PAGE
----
Thanks everyone for the feedback, I really appreciate you taking the time to listen and share your thoughts.
I guess I was overthinking too much, or had tunnel vision when hearing those small sections - it's a relief to hear the composition is not broken :P
I know what you mean with Bruckner's symphonies, perhaps I'm biased but whenever he switches to a new section (like in the 9th Symphony Scherzo) it feels very convincing, where as here it feels haphazard, although it could be that a concert pianist would know how to connect the passage to make it feel as one whole (so perhaps this is the lack of a musician playing thats the problem, and not the score). Appreciate the detailed feedback!
I may post more music, as I have a lot of other works that are kicking dust, but without spamming the forums
I enjoyed many moments in this. Stand out for me was the writing from bar 10 on. It has a wonderful natural Schubert-esque quality to it and is a memorable theme. I wont go on as HS did a good appraisal. However I think you should slow it a bit to make it a little less manic in places and more playable. Programme in some rubato too, you don't have to be a slave to the computer. Sorry to say though I did not like some of the more quirky transitions, simply because you have a lovely theme, pregnant with possibilities which are not exploited fully. Still I am a stick in the mud sometimes....
A very enjoyable romantic piece. Quite difficult but not unplayable.
Personally I enjoyed the Lento section the most. The melody is delightful, and the C# resolving to C natural, is a nice melodic line with the following four bars, down to the E. Nice harmonic progression.
Keep up the great work and thank you for posting.
Appreciate your honest thoughts on this (perhaps I wasn't crazy at all after all) - I think slowing it down maybe 5-7 beats may make things more manageable for a pianist to play this, but I'm not sure where I would program rubato in - are there particular places where you feel rubato would be good?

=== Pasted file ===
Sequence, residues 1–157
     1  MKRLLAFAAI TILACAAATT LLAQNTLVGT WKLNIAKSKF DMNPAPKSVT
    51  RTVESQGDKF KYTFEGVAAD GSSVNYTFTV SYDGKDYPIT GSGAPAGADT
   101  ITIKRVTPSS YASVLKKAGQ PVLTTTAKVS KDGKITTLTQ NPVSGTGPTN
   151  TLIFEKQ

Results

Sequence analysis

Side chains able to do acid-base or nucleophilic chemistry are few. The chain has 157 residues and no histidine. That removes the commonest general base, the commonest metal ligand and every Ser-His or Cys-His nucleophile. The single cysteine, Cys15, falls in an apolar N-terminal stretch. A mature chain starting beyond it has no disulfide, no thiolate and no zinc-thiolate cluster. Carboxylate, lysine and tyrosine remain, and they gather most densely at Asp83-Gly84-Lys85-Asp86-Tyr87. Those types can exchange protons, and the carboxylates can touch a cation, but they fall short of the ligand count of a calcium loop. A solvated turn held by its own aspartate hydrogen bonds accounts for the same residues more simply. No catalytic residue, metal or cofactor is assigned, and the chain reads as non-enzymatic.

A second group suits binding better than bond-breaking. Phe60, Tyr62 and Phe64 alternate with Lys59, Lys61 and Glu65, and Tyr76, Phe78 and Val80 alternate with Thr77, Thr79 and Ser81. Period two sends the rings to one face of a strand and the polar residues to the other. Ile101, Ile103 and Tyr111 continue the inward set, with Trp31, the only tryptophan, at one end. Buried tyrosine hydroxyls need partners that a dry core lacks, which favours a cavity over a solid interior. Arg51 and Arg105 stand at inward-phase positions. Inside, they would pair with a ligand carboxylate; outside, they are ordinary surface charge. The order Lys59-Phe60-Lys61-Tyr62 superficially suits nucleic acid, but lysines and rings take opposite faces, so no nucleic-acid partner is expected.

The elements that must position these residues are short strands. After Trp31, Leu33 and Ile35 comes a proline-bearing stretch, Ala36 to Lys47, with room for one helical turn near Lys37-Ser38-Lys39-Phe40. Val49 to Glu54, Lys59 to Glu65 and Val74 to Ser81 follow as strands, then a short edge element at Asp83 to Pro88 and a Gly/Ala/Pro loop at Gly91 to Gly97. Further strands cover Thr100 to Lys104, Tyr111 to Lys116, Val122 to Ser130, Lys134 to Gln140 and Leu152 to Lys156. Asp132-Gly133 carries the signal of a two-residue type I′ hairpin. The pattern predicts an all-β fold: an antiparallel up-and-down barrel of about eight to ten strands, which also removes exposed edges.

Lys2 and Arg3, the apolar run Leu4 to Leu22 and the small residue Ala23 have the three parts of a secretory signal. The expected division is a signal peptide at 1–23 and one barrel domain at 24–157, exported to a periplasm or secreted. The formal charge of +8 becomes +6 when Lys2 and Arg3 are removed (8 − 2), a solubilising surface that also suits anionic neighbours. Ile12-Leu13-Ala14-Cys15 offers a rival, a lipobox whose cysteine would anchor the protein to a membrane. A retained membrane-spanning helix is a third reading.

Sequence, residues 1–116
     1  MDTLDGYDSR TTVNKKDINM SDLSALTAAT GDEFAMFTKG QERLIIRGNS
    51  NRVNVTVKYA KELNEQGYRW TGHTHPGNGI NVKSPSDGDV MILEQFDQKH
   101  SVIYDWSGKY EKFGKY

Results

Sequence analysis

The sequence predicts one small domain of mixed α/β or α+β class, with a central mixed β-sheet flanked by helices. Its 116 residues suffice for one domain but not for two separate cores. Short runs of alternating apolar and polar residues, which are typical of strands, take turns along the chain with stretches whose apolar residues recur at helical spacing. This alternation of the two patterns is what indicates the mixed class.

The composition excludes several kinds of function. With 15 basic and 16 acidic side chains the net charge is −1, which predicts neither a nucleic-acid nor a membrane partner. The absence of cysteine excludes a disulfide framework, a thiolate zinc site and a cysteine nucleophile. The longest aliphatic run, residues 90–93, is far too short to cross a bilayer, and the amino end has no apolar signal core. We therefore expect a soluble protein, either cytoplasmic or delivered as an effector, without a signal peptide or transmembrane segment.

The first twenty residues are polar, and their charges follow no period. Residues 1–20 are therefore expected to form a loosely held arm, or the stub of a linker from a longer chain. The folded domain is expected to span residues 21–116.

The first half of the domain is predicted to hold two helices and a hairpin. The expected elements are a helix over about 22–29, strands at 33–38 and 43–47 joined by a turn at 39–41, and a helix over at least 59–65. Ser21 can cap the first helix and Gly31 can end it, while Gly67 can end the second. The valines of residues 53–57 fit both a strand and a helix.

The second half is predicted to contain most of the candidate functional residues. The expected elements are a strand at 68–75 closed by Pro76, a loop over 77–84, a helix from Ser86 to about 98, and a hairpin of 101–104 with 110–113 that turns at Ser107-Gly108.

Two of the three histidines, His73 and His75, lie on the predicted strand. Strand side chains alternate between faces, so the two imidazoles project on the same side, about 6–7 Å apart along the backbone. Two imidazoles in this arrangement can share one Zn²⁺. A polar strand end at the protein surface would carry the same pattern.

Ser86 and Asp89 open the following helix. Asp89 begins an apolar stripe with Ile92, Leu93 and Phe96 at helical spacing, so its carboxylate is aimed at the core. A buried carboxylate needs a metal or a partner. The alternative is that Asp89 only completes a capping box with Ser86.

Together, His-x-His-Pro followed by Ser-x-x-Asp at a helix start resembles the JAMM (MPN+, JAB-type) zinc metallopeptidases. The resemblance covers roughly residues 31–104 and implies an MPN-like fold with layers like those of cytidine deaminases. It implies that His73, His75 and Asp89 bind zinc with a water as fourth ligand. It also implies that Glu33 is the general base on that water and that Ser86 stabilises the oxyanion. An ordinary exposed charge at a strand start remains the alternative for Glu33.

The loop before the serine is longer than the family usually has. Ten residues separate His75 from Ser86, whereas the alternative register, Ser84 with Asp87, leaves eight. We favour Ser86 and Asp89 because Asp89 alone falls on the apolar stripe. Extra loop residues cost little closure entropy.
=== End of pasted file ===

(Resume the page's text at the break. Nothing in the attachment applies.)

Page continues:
I agree that the theme was not explored fully, it came by accident when trying to create a short melodic phrase that had the motif built in, I never anticipated it would become so important. however if I choose to expand on it, the work would surely extend another 3-4 minutes (and it's already around 8 minutes in length) - I don't know if many pianists would be willing to put in the effort to learn a 12 minutes work.
Thanks for the feedback, nice to know the lento section was not boring ^^
Aaron Goold said:
No not yet - I networked with my boss (who used to be a composer) with some of his composer/musician friends to see if I can get some feedback on some of my scores. I'm not sure how accepting faculty at university would be for a guy who never went to university for music (I still have this impression/fear of elitism whenever I'm around a university) so I haven't bothered asking.
Re the rubato, it was a general suggestion to get away from the monotony of a computer beat. Your music is very expressive even as is and it would be enhanced emotionally with a players interpretation programmed in. I don't think 5-7 beats reduction in tempo is enough, in fact that will be hardly noticeable, try reducing BPM by around15 for the fast passages, maybe that'll work just enough to make it practicable and satisfy your musical needs too. Do you play? If so do you input into a DAW? I ask, because sometimes I will play something in to my DAW at a slower tempo (but fast enough to retain a sense of performance!) and not quantise the track. Then speed up to the desired tempo.
Whatever you do, it's still an impressive piece of writing and in my book, developing a good idea into a 12 minute piece is not a problem to listen to nor for a pro player to play, provided the music is good enough.